The shooting that took the lives of 49 people at a gay club in Orlando over the weekend has sparked an outpouring of support for the LGBT community, including from traditionally conservative fast food chain Chick fil A.
Some Chick fil A employees in Orlando showed up for work on Sunday, departing from the normal hours the fast food chain keeps in order to prepare food for first responders and people donating blood to victims of the shooting at gay nightclub Pulse.
The food donations are another sign of how far the company has come in re-crafting its image after CEO Dan Cathy incited customers when he spoke out against gay marriage in 2012, leading to protests at stores.
Cathy stepped back from making public statements about his personal beliefs, telling USA TODAY in 2014, "I'm going to leave it to politicians and others to discuss social issues."
Throughout its 70-year history, Chick fil A has maintained a policy of staying closed on Sundays, a decision founder Truett Cathy made so that employees "would have an opportunity to rest, spend time with family and friends, and worship if they choose to do so," according to the company website.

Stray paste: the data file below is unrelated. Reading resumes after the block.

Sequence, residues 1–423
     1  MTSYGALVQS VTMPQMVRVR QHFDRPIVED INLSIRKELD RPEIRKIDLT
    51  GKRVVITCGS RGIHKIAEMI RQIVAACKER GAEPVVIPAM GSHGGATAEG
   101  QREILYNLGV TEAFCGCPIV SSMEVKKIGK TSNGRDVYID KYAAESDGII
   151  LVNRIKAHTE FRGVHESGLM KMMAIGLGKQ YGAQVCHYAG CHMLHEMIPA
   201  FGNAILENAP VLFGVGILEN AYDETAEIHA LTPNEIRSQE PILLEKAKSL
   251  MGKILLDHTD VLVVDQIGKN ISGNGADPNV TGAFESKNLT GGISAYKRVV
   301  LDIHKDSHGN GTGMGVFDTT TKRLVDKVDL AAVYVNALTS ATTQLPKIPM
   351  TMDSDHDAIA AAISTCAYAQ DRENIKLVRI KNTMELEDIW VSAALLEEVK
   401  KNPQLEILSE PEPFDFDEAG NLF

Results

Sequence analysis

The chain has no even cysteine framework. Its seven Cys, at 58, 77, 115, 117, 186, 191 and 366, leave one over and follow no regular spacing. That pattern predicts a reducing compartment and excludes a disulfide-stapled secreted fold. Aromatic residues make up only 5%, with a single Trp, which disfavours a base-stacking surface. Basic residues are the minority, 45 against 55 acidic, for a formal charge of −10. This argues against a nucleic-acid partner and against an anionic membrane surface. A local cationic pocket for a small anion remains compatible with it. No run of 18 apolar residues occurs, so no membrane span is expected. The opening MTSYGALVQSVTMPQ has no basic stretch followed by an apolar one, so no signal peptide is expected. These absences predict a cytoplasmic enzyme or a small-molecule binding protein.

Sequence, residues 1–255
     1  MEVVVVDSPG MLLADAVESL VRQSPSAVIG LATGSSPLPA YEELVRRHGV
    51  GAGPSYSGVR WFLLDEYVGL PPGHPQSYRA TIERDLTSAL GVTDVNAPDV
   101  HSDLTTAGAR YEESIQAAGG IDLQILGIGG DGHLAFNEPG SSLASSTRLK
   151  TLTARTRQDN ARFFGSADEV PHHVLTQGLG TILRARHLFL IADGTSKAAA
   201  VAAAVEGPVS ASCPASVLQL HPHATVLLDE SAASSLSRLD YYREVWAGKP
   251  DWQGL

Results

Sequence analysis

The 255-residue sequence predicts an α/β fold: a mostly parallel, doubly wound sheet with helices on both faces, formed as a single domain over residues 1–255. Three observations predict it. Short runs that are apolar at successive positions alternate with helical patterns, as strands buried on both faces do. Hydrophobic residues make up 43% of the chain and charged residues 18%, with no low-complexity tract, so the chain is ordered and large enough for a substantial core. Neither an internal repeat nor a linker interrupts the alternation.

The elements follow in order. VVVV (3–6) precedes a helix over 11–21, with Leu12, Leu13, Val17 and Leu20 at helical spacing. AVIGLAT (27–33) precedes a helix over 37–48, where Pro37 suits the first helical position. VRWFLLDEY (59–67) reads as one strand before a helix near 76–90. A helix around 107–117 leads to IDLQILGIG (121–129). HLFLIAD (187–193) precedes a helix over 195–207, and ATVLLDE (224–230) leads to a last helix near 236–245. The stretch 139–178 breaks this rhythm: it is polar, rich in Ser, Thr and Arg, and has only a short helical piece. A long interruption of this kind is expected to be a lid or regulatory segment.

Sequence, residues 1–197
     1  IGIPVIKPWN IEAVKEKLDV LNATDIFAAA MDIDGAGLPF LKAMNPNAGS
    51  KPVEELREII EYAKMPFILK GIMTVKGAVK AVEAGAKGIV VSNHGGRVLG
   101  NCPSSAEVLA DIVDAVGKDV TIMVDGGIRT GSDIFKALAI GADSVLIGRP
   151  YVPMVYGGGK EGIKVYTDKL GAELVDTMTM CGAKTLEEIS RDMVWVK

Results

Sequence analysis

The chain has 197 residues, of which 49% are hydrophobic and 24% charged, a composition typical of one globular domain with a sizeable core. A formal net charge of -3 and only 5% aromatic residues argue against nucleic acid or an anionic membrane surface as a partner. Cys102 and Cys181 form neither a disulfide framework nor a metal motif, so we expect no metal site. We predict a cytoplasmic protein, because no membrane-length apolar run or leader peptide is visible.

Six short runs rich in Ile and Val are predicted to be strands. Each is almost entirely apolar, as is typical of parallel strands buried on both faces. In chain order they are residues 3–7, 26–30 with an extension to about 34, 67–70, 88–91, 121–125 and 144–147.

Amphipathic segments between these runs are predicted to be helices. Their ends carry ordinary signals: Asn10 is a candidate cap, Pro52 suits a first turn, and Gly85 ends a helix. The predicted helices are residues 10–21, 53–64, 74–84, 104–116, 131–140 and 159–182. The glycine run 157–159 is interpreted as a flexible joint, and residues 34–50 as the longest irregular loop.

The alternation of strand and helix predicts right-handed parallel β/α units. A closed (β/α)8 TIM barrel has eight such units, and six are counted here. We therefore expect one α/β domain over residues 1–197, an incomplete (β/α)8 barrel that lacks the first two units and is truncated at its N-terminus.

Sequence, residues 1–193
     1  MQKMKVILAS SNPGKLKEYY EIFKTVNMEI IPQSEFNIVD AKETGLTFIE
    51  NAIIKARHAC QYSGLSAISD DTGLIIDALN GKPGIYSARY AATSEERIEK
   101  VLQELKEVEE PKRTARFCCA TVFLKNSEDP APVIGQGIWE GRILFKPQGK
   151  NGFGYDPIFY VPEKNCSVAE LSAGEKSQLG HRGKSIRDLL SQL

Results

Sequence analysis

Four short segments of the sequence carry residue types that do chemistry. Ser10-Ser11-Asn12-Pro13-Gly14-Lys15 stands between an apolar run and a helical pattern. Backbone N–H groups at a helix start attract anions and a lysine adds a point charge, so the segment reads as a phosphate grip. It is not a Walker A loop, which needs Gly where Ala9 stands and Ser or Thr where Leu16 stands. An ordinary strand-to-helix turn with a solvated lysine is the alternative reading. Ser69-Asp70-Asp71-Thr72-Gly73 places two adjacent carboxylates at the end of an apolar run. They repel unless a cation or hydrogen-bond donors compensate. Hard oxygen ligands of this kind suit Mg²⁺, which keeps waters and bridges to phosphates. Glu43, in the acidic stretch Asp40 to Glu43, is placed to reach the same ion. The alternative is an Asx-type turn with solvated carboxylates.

But Chick fil A says it has bended the rules a handful of times in order to help out with food donations for "communities in need," including this past weekend. Chick fil A Lee Vista, a store about a 20 minute drive from Pulse, posted several photos on its Facebook page Sunday of employees delivering food to volunteers. The store itself was not open to the public.
"The events in Orlando stirred our local restaurant owners and their teams to band together to provide nourishment to first responders as well as volunteers who donated blood," company spokeswoman Carrie Kurlander said in a statement. "We do not think this requires any recognition. It is the least we can do in this community we love."